Click through the images at the top of each module to follow the story of two programmers working to improve nutrition outcomes through complementary feeding.
Illustration of woman drawing on board, Let's refine this behavior!
Illustration of a complete research table with arms resting on it
Illustration of two people filling out behavior profiles
Illustration of two people saying social norms and family support are common factors for many of the behaviors, along with grandmothers, fathers, and market vendors common influencers for all the behaviors.
Illustration of two people presenting to a group that all activities link back to one or more of our prioritized behaviors.

Analyze your formative research findings to prepare—

  • a report that answers your research questions and describes why they are meaningful in the context
  • a strategy to improve complementary feeding, which will be based on the findings in the report.

The Using Research to Design an SBC Strategy tool is a guide for the steps below.

3.1 Analyze findings for each priority behavior and factor.

Analysis will ground your SBC strategy in context-specific evidence. Add findings from formative research to the research tables you completed during your desk review in module 2 (worksheet 2.1). 

3.2 Confirm or refine priority behaviors.

Review priority behaviors to refine or specify what is feasible in the program context.

3.3 “Star” factors for priority behaviors and create linked pathways.

“Star” factors that research shows are strongly linked to priority behaviors. Look for factors that are—

  • critical to most of the participant groups
  • feasible to address given your program’s focus, resources, and partners.

Transfer the starred factors over to worksheet 3.1. For each starred factor, link to influencers or supporting actors who need to take action to reduce the barrier or enhance the support and then activities to address the factor.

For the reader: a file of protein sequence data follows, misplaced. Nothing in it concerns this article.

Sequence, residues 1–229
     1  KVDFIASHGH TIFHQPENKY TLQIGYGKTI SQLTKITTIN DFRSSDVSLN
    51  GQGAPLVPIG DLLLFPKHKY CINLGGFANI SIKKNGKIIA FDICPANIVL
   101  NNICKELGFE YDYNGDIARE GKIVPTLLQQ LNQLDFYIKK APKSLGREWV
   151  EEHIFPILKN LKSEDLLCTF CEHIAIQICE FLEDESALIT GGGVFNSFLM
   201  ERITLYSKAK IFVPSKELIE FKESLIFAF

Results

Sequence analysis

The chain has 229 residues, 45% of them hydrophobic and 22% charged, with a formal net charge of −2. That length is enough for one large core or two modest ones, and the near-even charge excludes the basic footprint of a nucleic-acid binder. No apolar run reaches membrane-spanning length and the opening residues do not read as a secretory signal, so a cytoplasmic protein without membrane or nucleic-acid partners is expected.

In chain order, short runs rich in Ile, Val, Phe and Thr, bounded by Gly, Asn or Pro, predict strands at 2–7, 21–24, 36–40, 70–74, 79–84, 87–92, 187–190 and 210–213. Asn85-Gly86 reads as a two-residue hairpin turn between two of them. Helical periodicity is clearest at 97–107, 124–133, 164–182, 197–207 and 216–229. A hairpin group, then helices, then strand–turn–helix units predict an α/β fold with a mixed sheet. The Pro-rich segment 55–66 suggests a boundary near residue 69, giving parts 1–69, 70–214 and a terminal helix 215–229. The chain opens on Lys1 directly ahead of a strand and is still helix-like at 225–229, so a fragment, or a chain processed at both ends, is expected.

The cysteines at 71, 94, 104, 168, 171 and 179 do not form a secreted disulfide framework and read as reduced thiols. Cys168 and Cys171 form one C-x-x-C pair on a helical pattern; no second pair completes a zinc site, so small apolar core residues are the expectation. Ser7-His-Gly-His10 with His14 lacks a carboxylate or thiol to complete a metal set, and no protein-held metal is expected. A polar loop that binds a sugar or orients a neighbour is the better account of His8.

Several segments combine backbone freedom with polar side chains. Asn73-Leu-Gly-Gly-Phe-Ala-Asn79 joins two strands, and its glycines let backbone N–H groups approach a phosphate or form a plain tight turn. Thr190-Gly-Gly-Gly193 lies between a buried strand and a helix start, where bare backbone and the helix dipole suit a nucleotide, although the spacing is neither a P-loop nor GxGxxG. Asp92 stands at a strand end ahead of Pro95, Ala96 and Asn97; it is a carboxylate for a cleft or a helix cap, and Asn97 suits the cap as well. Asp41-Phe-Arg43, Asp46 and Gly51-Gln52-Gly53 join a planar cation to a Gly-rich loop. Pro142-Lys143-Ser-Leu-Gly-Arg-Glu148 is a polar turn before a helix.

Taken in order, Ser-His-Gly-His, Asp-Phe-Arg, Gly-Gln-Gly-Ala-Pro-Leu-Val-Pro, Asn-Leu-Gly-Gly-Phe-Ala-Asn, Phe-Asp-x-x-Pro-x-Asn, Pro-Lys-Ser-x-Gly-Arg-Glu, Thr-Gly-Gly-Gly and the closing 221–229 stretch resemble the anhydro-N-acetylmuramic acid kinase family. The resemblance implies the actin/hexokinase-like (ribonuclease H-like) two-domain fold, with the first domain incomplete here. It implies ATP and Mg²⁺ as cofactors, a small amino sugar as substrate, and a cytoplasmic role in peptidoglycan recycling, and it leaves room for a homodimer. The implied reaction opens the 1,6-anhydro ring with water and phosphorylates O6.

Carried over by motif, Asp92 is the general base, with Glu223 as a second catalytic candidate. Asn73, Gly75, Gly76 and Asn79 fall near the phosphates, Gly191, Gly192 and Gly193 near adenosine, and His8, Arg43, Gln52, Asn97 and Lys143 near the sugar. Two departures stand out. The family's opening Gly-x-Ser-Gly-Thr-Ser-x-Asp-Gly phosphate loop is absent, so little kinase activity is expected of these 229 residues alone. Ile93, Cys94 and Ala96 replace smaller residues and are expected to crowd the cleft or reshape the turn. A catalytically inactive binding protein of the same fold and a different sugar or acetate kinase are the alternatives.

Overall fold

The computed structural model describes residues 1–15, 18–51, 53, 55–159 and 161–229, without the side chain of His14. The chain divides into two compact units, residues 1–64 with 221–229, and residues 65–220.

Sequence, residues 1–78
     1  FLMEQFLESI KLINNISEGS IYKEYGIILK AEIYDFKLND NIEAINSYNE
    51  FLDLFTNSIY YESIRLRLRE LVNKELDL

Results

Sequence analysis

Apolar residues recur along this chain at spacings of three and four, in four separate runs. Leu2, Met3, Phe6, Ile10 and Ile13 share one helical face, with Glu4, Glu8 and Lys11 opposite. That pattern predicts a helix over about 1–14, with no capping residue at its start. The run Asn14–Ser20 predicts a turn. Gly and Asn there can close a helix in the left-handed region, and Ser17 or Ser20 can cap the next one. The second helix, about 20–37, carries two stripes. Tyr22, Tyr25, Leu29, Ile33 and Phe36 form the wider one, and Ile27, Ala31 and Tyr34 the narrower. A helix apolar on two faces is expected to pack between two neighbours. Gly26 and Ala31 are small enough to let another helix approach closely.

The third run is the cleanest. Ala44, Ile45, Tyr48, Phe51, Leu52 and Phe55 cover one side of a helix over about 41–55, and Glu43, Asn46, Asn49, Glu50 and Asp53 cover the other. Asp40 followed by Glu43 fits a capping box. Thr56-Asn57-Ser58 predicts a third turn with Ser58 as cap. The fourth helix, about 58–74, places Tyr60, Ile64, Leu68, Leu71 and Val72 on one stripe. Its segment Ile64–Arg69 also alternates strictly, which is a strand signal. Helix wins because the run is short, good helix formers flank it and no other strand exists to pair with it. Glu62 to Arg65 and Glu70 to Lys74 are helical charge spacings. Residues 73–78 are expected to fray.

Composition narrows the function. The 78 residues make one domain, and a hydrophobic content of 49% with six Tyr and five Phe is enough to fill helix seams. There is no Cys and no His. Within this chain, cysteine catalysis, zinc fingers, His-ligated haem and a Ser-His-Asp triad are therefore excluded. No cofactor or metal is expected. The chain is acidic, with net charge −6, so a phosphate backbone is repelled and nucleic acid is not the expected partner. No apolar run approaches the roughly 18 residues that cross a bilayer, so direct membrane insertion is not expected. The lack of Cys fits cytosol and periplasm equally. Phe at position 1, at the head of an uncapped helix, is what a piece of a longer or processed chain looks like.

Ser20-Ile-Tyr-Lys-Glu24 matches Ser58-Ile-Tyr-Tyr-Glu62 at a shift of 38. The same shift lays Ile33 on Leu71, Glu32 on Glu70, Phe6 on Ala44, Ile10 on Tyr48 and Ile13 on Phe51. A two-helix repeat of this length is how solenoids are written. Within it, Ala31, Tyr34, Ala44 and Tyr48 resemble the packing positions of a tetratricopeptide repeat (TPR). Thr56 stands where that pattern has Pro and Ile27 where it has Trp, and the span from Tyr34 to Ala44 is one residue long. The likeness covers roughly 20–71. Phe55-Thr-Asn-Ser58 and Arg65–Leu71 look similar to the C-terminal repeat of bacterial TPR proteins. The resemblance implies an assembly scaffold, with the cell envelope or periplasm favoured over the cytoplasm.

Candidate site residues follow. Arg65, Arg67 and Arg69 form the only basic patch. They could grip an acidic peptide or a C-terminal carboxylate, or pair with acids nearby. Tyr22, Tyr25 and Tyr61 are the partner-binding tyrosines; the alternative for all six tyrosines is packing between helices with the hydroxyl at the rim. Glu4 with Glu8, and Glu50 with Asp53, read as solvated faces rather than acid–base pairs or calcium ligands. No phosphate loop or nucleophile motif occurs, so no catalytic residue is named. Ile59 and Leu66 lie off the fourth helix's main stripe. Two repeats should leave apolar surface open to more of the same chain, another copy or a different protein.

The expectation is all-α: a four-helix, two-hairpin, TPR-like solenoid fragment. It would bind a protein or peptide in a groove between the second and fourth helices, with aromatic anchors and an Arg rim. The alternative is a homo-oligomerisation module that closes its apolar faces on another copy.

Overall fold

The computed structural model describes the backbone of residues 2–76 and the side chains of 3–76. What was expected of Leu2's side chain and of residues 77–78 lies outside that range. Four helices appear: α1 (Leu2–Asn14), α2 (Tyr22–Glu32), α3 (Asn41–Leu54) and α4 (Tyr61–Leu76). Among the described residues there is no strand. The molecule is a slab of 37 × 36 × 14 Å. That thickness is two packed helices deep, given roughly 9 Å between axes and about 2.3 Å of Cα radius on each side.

Figure 2. Drawing Behavioral Pathways

Figure 2. Drawing Behavioral Pathways

Consider activities from three levels:

  • Enabling environment: Institutional- or policy-level activities to ensure funding; strengthen structures and processes that deliver or manage programs, products, or services; work with partners or networks; and develop, approve, and/or enforce national policies or guidelines
  • Systems, products, and services: Organizational-level activities to build or improve physical structure, introduce a new technology, expand or strengthen supply chains, or improve the quality of service delivery
  • Demand and use: Individual- and interpersonal-level activities to generate commitment to, inform, influence, motivate, mobilize, or teach skills to practice the behavior

UNICEF’s Action Framework for Complementary Feeding maps the roles of food, health, WASH, and social protection systems in improving young children’s diets in the complementary feeding period. 

3.4 Develop the SBC strategy.

It will serve as a “roadmap” to ensure that needed activities to address critical factors are coordinated to achieve SBC outcomes and impact. 

3.5 Refine the SBC strategy with stakeholders.

Share, discuss, and reach a consensus on the cross-sector approach to improving complementary feeding. Use worksheet 3.2 to decide who is best positioned to carry out the various activities in the strategy.